Translation Look-aside Buffer


The translation look-aside buffer is a hardware-based cache that assists in translating linear virtual addresses to linear physical addresses. The TLB caches virtual to physical address translations, as well as other information like page access rights and cache type information. Although extremely important for efficiency, the TLB has made PTM an interesting challenge. For example, when physical memory is mapped into a virtual address space, page table entries will be inserted, or changed. This insertion or alteration of an existing page table entry may be of a cached entry in the TLB. This means that the effects applied to the page table entry will not be seen until the TLB entry for the given virtual page has been invalidated, along with the changes written to main memory. To counteract this, the CPU has an instruction that allows a programmer to invalidate a page table entry in the TLB’s cache. This instruction is called INVLPG and is a privileged instruction. It’s not something PTM can use since the library is designed to operate entirely from user-mode. Directly invalidating TLB is not the only way to invalidate entries. If a page fault occurs, the TLB invalidates entries for the given address that caused the fault (the address in CR2). This is an effective method for invalidating desired virtual addresses from user-mode but is extremely slow. Context switches do not inherently cause the TLB to flush, rather the PCID is changed to another PCID. This allows the TLB to retain entries from multiple address spaces and improve performance. However, yielding execution can invalidate TLB entries because the scheduler will reschedule the logical processor to execute somewhere else for some time, possibly filling the TLB with other entries and removing the ones that were previously cached.

TLB - Outrun


Although the TLB is an effective hardware-based cache, it cannot cache linear virtual addresses that have not been accessed before, this simple fact means a programmer can create a new linear virtual address every single time they would want to map a new physical page into virtual memory. This, however, is not a solid solution that works soundly on all modern CPUs. With the industry pushing forward with virtualization technology, the expansion of the TLB continues. Thus solely generating a new linear virtual address every time you would want to interface with a physical page is not a sound solution and is already unstable on most modern AMD chips. Instead combining this technique with other techniques is ideal.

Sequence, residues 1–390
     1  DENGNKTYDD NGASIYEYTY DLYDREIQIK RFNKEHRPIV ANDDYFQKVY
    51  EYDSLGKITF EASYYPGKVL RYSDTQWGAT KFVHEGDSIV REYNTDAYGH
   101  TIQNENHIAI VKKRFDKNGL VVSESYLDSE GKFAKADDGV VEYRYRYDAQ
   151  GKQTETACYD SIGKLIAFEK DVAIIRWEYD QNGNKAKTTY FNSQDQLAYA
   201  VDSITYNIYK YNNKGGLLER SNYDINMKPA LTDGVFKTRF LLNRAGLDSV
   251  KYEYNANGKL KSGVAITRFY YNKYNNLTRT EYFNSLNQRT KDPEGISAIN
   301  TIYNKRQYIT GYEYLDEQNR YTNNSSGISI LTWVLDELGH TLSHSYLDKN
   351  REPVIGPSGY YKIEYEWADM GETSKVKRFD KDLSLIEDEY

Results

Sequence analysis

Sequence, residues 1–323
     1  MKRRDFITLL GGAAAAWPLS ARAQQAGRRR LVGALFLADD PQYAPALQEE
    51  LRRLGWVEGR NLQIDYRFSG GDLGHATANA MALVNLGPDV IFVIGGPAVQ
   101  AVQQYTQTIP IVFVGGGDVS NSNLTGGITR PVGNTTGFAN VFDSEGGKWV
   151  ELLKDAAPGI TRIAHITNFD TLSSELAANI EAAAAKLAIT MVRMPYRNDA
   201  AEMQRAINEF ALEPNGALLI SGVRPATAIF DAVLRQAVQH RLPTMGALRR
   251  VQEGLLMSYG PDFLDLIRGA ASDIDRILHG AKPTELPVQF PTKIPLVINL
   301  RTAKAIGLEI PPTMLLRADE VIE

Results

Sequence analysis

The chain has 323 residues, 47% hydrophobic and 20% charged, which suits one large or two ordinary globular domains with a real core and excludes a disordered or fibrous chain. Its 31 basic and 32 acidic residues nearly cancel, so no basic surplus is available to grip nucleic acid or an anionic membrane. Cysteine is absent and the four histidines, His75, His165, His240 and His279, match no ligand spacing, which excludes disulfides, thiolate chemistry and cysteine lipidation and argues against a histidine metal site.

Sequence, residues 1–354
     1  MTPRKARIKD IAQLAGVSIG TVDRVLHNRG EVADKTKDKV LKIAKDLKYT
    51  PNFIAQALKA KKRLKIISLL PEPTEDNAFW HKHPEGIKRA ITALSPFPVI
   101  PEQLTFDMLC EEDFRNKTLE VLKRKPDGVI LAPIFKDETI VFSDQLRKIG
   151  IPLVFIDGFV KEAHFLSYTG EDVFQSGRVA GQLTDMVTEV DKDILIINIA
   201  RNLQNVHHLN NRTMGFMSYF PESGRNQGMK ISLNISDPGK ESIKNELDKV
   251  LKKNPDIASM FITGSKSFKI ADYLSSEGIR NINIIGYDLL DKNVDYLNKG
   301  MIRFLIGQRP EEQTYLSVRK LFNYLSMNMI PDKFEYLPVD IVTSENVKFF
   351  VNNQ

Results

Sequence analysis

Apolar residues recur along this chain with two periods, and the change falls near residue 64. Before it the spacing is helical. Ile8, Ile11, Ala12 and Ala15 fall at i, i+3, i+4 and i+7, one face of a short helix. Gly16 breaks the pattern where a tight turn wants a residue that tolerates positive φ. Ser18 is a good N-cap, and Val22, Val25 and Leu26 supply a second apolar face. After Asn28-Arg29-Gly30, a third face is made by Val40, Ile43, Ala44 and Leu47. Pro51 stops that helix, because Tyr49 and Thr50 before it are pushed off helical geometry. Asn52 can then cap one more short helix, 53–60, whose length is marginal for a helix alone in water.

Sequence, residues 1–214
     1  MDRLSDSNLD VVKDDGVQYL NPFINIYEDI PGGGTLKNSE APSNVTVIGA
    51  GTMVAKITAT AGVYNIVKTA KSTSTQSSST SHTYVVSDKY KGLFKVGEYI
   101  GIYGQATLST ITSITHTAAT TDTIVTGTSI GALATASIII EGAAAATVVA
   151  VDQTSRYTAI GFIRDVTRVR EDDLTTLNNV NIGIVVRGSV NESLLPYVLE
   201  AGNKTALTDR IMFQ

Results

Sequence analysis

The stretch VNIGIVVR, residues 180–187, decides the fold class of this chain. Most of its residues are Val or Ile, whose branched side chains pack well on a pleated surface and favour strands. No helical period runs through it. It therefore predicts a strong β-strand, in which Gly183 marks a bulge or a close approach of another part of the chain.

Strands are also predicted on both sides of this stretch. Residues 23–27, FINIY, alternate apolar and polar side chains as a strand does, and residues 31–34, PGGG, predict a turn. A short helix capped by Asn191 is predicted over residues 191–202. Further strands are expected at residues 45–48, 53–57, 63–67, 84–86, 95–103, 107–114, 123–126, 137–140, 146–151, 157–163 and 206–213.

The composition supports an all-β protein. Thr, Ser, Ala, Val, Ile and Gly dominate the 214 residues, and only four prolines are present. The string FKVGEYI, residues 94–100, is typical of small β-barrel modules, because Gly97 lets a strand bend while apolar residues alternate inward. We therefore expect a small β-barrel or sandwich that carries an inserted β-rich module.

auto ptm_ctx::map_page(void* addr) -> void*
{
	++pte_index;
	if (pte_index > 511)
	{
		++pde_index;
		pte_index = 0;
	}

	if (pde_index > 511)
	{
		++pdpte_index;
		pde_index = 0;
	}

	if (pdpte_index > 511)
		pdpte_index = 0;

	// insert paging table entries down here…
	//... (refer to PTM repo to see that code)...
	// returns the newly generated virtual address...
	return get_virtual_address();
}

The code above generates a new linear virtual address that has not been accessed before. This linear virtual address points to the requests physical page in memory. This allows the programmer to circumvent the TLB by accessing new linear virtual addresses instead of trying to invalidate TLB entry of an existed and already cached page. This however has limitations since the code only provides 512^3 different possible virtual pages.

TLB - Benefit of The Doubt


Although outrunning the TLB is the fastest solution for mapping physical memory into virtual memory without needing to invalidate any TLB entries, it is not the most stable on modern hardware. Instead, a mixture of generating a new virtual address and an SEH try/except loop is preferred. By giving the new virtual address the benefit of the doubt that it has not been cached yet, an attempt to access the newly created page is performed. If the access is successful, the new linear virtual address is returned to the caller of ptm::ptm_ctx::map_page. However, if the access causes a page fault, the TLB invalidates the entries associated with this newly created linear virtual address. The except block then attempts to access the new page in a loop whilst yielding execution at each failure to access the new virtual address. This technique provides the most performant solution to dealing with the TLB from user-mode. This method guarantees that the linear virtual address generated is accessible before returning it to the caller.

auto ptm_ctx::get_virtual_address() const -> void*
{
    //...
    
    // start off by making sure that